Brian Ahearn is Behavioral Grooves’ first repeat guest. (He was first featured in Episode 39: The Heart of Reciprocity.) We recently reconnected with him to discuss his new book, Influence PEOPLE. The book explores the science behind the influence process – what drives people to take the actions you want them to take, without manipulation or trickery. The book is about changing people's behavior. Positive thoughts, and even agreement from others, only go so far – and seldom lead to a change in behavior. Our conversation with Brian focused on specific ways to make that happen.Brian’s book is not intended as an academic replay of all the aspects of the science of persuasion. While the science is foundational, the book focuses on the practical aspects of application with lots of great examples and case studies, many of them from Brian’s personal experiences. We recommend you check it out if you’re uninterested in the science but care deeply for the “how-to” part of the story.We also returned to music and revisited Brian’s eclectic playlists. We focused on his predilection to combine Frank Sinatra and Coldplay into a single “clean” playlist that he uses in client workshops and presentations.In our grooving session, we discussed whether the tool can be held accountable or is it only the user of the tool? And are you familiar with the Wilhelm Scream? Listen in to find out.For those of you listening before October 2019, Kurt and Tim will be celebrating our podcast’s 100th episode in Philadelphia at the Pennsylvania Academy of Performing Arts on October 17th. Our lead guest will be Annie Duke. LinksBrian Ahearn: PEOPLE: Kahneman: Cialdini: Ariely: Langer study: Store: Kerrison: 100th Episode Meetup in Philadelphia on October 17, 2019: Nelson: @motivationguru Tim Houlihan: @THoulihanCheck out the Behavioral Grooves website: ArtistsHamilton:, Bohemian Rhapsody: Sinatra: Coldplay: Cash:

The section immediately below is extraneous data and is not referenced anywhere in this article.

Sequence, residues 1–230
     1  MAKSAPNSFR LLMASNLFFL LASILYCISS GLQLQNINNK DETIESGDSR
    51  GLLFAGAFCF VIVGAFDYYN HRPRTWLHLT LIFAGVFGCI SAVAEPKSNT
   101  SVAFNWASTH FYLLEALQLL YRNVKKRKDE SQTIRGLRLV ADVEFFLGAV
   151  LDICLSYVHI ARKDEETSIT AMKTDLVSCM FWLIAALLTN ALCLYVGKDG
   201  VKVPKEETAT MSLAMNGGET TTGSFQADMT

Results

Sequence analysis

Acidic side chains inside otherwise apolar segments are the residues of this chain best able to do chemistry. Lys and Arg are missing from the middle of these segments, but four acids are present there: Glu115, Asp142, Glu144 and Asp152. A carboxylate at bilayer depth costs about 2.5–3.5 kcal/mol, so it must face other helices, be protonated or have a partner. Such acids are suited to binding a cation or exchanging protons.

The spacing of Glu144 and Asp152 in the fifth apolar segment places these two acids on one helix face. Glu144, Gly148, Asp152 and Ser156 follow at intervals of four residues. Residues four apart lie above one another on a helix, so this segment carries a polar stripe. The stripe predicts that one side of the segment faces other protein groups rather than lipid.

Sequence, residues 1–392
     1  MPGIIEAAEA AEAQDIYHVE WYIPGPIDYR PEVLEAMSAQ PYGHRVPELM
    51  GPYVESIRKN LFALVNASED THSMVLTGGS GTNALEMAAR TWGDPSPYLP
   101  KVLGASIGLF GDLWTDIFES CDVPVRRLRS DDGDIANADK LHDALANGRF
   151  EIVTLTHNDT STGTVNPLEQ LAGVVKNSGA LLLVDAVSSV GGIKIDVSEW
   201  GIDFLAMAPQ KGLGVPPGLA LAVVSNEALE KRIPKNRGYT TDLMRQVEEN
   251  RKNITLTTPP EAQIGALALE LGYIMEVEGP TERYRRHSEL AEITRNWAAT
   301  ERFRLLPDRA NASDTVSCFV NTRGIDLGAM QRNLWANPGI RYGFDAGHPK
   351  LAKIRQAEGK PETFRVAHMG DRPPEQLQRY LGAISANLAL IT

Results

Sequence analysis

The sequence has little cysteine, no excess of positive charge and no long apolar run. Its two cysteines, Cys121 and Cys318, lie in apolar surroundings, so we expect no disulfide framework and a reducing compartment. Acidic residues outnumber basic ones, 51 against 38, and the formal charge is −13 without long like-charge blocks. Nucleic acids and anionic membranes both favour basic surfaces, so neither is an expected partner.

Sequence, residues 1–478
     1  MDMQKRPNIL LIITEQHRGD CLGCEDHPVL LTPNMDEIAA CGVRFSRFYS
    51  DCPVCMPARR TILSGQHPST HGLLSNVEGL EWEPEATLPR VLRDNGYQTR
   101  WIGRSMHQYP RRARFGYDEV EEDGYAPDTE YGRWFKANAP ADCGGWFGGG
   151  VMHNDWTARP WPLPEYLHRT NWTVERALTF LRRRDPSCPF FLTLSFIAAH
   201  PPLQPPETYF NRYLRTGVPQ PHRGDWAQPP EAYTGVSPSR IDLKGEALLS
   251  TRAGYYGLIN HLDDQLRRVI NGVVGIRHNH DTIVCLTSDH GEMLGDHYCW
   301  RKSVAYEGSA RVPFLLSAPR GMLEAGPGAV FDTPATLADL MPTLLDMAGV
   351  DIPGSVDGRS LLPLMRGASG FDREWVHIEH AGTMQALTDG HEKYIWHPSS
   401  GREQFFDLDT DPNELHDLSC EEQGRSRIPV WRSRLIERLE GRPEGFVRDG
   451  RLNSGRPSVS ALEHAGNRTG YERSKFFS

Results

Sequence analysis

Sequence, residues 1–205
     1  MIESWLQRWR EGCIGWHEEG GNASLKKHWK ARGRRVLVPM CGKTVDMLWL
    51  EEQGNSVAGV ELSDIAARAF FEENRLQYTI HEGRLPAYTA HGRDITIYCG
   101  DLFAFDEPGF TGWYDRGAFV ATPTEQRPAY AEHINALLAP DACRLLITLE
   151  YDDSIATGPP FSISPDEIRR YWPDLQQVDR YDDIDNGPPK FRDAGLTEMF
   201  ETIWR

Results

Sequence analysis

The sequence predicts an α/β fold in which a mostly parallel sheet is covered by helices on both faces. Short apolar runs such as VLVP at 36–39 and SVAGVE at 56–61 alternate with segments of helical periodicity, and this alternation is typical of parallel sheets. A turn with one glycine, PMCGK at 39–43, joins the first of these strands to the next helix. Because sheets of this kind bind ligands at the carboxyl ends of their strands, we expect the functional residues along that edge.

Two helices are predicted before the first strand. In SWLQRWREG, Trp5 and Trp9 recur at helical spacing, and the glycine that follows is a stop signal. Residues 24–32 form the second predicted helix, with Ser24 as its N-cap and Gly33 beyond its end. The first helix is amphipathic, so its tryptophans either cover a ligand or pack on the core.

Alex Blau is a vice president at ideas42 with projects in consumer finance, design and decision-making, and international development. In our discussion, we focused on a new project he’s working on in the area of supervision of people after they're released from incarceration, or what we commonly refer to as parole.The cost of incarceration and supervision is more than just social – it comes with a big price tag. Nearly $7 billion is spent annually to supervise individuals coming out of the prison system and another $9 billion is spent on incarceration. More than 4.5 million people in the United States are under supervision and government data indicate that roughly two-thirds of those released from prison will be arrested within 3 years.Roughly 50% of the arrests are for rule violations (the other 50% for committing new crimes). Alex and his colleagues at ideas42 are researching ways to change the context of the world the parolees return to with the hope of reducing recidivism. We talked about the novel interventions they’re testing.We also discussed a brief history of Jamaican music with an emphasis on the rich catalog of the island nation’s artists, emerging near the middle of the 20th century. In our grooving session, Kurt and Tim cover the implementation-intention framework and how reminders via association can be more powerful than specific triggers, especially when triggers are difficult to identify.We hope you enjoy our discussion with Alex Blau.  LinksAlex Blau: Duke: Rogers & Katy Milkman “Reminders through Association” Mullainathan: Santos, GI Joe Effect: Hussman episode #17: Kurt Nelson: @motivationguru Tim Houlihan: @THoulihanCheck out the Behavioral Grooves website: ArtistsBob Marley: Decker: and the Maytals: